Having a garden is such a rewarding experience, and the taste of freshly grown vegetable can't be beat. Having a garden is not as difficult as you may think. With some simple planning and time, you can be rewarded with yummy fresh veggies too!
Today we will begin with some basic things, but very important elements in growing a great garden! These things are: location, soil and sunlight. They are a gardens best friend and the first and foremost considerations when you begin your garden.
1. Let's start with location. You will want to make sure that your garden is in an easily accessed area, but not in the way of foot traffic in your yard. I like to be able to see my garden, and having it visible if at all possible keeps me motivated when it is time to weed :)
Consider how you use your yard and where would be a good place for your garden. You don't want your children's soccer ball to end up in the middle of your tender plants! You also may need to consider putting a small fence around your garden if you have a dog (or even if your neighbor has a dog!). For some reason, all dogs seem to love to trample through a freshly planted garden!
You will also want to consider nearby trees and weedy areas. The trees will tend to drop leaves or pine needles, which can alter the chemical makeup of your soil as well as make a mess.
If you have lots of ragweed or other weeds nearby, they will tend to disperse seeds into your garden, causing lots of extra work weeding. You also don't want to plant your garden where there are tree roots in the way. An especially rocky location may mean more work in your preparation.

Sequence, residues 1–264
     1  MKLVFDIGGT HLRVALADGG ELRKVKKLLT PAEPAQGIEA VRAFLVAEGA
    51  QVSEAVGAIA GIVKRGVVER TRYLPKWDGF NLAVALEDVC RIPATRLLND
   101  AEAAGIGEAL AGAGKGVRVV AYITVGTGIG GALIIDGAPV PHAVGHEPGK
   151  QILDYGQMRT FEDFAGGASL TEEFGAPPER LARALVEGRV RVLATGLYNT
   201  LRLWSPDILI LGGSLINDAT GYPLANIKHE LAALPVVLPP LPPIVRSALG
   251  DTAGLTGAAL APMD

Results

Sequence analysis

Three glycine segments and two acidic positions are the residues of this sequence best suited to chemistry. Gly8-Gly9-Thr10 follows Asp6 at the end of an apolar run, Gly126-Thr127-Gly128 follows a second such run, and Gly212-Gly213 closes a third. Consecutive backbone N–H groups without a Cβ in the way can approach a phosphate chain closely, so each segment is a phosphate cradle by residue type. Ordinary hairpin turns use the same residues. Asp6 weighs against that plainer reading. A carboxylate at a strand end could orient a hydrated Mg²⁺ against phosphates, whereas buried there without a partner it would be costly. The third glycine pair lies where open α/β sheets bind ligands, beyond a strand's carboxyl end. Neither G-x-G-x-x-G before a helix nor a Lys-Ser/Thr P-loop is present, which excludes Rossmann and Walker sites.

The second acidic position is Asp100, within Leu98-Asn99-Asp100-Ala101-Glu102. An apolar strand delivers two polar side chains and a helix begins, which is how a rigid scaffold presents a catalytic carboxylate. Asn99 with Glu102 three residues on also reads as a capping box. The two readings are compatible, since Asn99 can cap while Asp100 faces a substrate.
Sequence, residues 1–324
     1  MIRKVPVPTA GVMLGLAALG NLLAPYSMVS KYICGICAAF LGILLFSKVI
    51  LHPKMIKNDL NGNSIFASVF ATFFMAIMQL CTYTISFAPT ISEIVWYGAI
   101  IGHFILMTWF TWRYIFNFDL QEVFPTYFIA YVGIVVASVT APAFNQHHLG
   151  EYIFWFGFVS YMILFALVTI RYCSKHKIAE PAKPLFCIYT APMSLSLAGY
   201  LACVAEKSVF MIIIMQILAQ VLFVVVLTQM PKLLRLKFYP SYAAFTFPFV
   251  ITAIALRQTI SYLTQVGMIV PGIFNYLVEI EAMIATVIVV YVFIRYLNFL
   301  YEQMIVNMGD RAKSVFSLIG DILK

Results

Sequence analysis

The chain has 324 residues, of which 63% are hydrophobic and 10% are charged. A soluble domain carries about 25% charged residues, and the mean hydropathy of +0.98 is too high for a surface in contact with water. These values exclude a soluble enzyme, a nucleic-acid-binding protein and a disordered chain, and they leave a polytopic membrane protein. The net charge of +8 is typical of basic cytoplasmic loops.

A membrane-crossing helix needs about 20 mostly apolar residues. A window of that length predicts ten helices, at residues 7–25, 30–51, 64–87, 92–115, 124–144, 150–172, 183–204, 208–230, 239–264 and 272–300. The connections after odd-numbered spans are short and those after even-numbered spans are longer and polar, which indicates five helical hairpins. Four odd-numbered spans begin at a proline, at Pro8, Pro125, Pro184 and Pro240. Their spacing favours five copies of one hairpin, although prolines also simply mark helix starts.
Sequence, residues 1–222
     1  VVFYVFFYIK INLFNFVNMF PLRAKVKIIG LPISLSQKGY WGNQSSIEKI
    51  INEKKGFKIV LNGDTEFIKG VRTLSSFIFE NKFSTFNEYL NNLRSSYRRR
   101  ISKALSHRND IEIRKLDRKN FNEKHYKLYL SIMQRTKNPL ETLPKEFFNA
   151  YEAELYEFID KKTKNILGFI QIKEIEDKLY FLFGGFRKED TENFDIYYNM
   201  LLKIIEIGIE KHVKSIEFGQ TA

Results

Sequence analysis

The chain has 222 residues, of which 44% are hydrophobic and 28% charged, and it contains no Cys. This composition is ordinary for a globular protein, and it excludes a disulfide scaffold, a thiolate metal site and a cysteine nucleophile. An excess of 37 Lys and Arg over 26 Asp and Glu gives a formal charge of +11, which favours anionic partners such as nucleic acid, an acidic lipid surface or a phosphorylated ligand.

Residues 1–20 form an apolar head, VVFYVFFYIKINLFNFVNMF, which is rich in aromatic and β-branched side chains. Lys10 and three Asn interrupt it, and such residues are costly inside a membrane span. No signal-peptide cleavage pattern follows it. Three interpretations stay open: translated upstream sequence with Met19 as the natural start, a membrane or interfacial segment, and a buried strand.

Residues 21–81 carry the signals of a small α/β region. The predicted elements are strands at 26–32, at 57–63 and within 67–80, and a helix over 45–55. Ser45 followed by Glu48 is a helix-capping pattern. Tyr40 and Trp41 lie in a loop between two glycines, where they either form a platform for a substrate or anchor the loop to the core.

You also want to make sure the area you have chosen is not too wet, but if some water drains into that area, that is good. It will keep your plants moist from the roots up and will save on how often you need to water. In my yard, I have an area where the front yard drains into the back. It is perfect for a garden because it doesn't get too wet but the soil is always moist. If you have mud instead of dirt, it is too wet and you shouldn't plant there! If you have dusty dry dirt, then it is too dry. You can still use the dry area but it mean that you will have to prepare the area with some loam or compost.
You may want to mark out your location with stakes so you can an idea of the size and shape you want.
Choosing your location sounds a lot harder than it is! It really isn't! Just keep in mind some basic things and you will have your location chosen in no time!
2. Let's talk about sunlight. Sun is what makes your garden grow, but how much do you need?
Most plants in your garden will need full sun which means 6-8 hours of sunlight per day. Afternoon sun tends to be the hottest and most plants love the afternoon sun over just morning or sunset light.
Where ever you choose your location, make note of where the sun rises and sets throughout the day, and how long it will be over your location. This information will come in very handy when it is time to plant.
3. The next best friend to your garden will be your soil. If you live on a previous cow pasture, you are on very prime fertile land! But if not, you most likely will need to work on your soil conditions.
When choosing your location, you most likely will need to work the area by roto tilling out what is currently there. You will also need to remove any large rocks, roots, weeds and grass in the process. If your soil is really poor, you may want to consider doing raised beds, which I will discuss my experience with raised beds in this series.
We will discuss soil more in depth later in this series, it's a big topic on its own!
Now you have your 3 basic elements to a successful vegetable garden.
Stephanie is a homeschooling mother of 3 and owns A High And Noble calling, a blog to encourage and inspire women in their noble callings as homemakers, wives and mothers. You can read articles, find resources, and inspiration for your high and noble calling at http://www.ahighandnoblecalling.com